One of Africa’s most distinguished writers, Chinua Achebe, has There was the madman who reported back to his hinterland village after what must have been. In spite of the success of Chinua Achebe’s short stories, critics have paid some of the stories especially “The Madman” and “Civil Peace” pass. In his short story, “The Madman”, Prof. Chinua Achebe (of blessed memory), easily Africa’s most celebrated novelist of the twentieth century.
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Skip to main content. Log In Sign Up. According to this literary perspective, reinforced by other African works on the subject, madness is more plural than published, but merely a matter of degrees, the dominant definitions and classifications themselves being only the opinion of the voiced majority.
Although the choice, structure, and exegetic possibilities of metaphors have been as diverse and infinite as creators of art have been different and countless, metaphors of madness have been prominent in literatures from early times, notwithstanding the peculiarities of writers, cultures, regions and periods.
Farther back in history and tradition, we find the Bible account of King David who feigns insanity as a means of escape from enlistment into the Philistine army against his own people of Israel. Have I need of mad men, that ye have brought this fellow to play the mad man in my presence?
MUST READ!: The Parable Of The Madman (1)
Modern African literature, particularly drama, has also had its share of explorations into this universal theme of madness. Even though madness finds a place in the title of the play, it is not essentially the subject of investigation.
Are you here to work or fool around? He got that way through the brainwashing of his therapist, the Old Man and father of the Specialist himself. Unfortunately, because Achebe does this in a short story, it has received little critical attention. It is the burden of short stories the world over, irrespective of their creative worth, that they often get comparatively less attention in literary conferences and critical essays.
The significance of Chinua Achebe’s short stories – Part 1
The story opens with the madman through whose rationalizing mind we see the preliminary scenes of conflicting perceptions. He learns thereafter to plan his day and avoid the conflict. Not him, but their mother.
It is another eventful market day. On the way, he notices some young ladies going in the opposite direction from the traffic to the market; they are returning from the stream with water pots on their heads.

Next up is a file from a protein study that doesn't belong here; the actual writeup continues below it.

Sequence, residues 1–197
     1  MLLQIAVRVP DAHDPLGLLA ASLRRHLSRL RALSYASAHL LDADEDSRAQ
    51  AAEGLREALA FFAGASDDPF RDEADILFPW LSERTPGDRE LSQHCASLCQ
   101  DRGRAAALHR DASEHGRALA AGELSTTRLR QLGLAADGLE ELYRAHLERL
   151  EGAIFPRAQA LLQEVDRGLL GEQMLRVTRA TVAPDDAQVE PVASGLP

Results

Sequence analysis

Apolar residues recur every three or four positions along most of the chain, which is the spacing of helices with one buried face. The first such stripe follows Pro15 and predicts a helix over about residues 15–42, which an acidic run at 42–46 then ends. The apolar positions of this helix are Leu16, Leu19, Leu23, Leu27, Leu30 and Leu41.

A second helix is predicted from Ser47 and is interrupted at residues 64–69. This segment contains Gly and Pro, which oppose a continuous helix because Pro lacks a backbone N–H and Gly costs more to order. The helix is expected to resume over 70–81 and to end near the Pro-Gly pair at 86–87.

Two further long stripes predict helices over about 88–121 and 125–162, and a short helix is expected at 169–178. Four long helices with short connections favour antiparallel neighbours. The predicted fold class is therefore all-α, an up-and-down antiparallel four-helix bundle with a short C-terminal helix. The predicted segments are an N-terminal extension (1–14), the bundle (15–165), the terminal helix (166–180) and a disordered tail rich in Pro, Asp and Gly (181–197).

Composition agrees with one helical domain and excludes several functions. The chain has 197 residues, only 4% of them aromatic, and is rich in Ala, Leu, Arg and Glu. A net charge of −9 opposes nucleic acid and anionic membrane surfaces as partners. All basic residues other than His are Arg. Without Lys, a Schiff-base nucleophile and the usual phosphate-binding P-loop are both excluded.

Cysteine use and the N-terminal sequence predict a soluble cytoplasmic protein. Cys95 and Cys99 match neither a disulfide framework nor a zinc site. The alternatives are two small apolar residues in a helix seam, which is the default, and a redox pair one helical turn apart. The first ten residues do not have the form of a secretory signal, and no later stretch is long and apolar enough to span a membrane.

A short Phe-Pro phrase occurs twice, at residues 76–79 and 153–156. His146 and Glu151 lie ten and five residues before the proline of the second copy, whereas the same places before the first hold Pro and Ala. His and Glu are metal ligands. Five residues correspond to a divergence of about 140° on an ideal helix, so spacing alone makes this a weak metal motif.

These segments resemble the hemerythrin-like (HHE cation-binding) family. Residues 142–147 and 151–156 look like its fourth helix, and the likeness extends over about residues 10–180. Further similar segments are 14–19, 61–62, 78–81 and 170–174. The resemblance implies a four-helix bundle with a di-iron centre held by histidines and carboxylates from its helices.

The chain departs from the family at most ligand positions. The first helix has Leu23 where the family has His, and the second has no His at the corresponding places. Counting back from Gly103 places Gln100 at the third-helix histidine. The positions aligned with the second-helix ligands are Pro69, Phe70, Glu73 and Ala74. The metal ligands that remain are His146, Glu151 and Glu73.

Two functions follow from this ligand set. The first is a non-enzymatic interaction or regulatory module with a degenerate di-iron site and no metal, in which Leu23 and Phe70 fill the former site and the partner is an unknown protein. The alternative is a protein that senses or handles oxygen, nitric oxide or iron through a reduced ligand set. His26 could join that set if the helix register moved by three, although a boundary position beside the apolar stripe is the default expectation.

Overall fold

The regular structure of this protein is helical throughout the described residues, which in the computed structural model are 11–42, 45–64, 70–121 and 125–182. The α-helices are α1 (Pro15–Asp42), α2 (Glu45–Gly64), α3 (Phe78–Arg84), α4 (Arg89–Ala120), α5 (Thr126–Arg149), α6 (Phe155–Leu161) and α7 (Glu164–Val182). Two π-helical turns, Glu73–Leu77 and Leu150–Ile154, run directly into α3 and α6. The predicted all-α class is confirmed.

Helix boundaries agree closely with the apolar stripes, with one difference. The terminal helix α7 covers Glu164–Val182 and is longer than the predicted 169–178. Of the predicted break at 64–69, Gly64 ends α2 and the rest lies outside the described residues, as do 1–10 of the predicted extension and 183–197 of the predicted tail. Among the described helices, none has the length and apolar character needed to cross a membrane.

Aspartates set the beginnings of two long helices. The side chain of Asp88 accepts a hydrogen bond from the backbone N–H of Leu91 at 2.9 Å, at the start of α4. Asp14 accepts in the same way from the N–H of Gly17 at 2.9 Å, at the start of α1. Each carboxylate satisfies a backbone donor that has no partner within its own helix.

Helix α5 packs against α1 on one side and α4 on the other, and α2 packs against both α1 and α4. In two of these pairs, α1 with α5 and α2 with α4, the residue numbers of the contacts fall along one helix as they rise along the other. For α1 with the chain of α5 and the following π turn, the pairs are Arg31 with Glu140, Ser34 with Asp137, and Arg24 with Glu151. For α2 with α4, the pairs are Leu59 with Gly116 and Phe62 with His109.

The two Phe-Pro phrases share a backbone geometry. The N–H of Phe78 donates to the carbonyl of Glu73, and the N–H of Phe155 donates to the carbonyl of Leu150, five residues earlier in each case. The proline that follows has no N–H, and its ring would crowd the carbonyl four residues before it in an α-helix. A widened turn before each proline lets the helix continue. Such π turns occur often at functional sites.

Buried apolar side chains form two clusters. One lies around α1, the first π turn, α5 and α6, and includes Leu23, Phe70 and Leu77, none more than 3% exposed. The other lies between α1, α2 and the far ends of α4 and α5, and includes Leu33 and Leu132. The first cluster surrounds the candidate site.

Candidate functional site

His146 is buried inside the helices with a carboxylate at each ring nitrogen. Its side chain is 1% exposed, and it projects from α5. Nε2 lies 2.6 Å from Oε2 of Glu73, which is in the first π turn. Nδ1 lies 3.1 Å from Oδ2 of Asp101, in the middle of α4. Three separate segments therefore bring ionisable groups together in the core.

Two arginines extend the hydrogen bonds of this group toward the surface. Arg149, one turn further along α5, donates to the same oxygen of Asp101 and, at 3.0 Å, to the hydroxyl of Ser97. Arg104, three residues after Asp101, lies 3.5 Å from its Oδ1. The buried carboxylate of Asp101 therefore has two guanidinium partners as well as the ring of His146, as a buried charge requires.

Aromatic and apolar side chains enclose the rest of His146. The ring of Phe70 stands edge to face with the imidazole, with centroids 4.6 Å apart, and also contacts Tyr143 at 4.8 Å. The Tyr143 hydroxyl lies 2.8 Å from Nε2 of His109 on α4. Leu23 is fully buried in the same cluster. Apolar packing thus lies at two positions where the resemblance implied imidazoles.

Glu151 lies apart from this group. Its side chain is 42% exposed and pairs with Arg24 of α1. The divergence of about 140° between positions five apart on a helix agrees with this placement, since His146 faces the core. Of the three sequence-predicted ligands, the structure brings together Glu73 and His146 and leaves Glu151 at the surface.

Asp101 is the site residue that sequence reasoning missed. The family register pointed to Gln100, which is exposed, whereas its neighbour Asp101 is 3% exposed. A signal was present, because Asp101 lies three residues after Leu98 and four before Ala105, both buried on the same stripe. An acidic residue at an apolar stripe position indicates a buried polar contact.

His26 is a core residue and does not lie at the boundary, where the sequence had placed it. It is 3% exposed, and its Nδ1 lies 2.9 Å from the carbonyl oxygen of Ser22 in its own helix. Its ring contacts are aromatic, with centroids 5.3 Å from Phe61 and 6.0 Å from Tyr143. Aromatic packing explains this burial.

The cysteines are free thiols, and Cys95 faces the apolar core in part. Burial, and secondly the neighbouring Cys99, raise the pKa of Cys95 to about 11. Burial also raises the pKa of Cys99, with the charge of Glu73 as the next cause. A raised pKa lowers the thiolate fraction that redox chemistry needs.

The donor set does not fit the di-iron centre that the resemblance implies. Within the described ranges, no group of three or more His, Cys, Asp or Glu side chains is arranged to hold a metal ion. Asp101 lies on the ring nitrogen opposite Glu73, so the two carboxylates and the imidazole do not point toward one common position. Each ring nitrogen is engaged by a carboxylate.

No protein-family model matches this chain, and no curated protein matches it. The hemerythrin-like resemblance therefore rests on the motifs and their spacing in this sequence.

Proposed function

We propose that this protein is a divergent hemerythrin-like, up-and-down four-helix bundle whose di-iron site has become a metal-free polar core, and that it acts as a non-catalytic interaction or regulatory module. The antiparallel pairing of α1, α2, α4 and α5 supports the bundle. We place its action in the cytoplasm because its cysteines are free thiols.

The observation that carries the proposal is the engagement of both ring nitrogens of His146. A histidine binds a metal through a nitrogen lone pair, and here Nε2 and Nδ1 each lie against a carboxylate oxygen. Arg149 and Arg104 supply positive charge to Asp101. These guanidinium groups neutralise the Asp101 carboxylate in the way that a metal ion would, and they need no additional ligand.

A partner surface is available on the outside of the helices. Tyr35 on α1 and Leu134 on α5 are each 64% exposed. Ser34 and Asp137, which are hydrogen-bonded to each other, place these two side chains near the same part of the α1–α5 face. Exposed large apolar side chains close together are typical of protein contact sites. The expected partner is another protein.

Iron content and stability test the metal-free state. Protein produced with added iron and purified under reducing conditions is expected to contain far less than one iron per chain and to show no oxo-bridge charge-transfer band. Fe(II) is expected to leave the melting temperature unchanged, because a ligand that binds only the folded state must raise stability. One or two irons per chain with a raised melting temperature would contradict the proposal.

He goes down the stream. There he finds a naked man bathing.
It is Nwibe, who had gone to wash off the hot afternoon sweat from the work on his farm, after which he would proceed to the market. From this climax, the roles are reversed for the tragic.
Short Story Analysis: The Madman by Chinua Achebe – The Sitting Bee
He is conspicuously isolated by his nudity. Chiua famous traditional therapist is consulted to recover Nwibe of his tongue-tied madness; he declines. The story has a structure of three prominent parts with gray boundaries. In the first, we see the world through the disoriented mind of the man popularly designated mad because he is unclothed.
The final part is an epilogue, coming after the conflict between Nwibe the epitome of societal norms and the naked madman at the other extreme. In this part, everyone is implicitly invited to make a judgment not merely on Nwibe and the nameless erstwhile madman but on the very definition and modes of materialization of madness.
The story presents a conflict of perspectives expressed in the conflict of archetypal personalities. In it, Achebe raises several profound rhetorical questions: Is it simply the unfeeling public display of nudity, according to popular African and specifically Igbo judgments?
If we should say so, did the madman become sane merely because and when he covered his nakedness, even though his reasoning remained unchanged?
The insider or the outsider? Could we, according clinical psychiatry, define madness merely as mental and behavioural disorder? Or might there also be metaphysical explanations for certain kinds of eccentricities? In the traditional Igbo worldview, yes; which is why cure is sought for madness from as far as the land of spirits.
The position is perhaps more clearly expressed in Judeo-Christian theology in which madness is the consequence of the intervention of demon forces, as would be evident from the account below: I beseech thee, torment me not. For oftentimes it had caught him: And he said, Legion: The story also raises the apparent poser of degrees of madness.
In other words, that given the right provocations, many a sane person would betray their measure of madness. Modified Saturday, September 01, 7: Princeton University Press, The King James Version.
The Madman by Chinua Achebe
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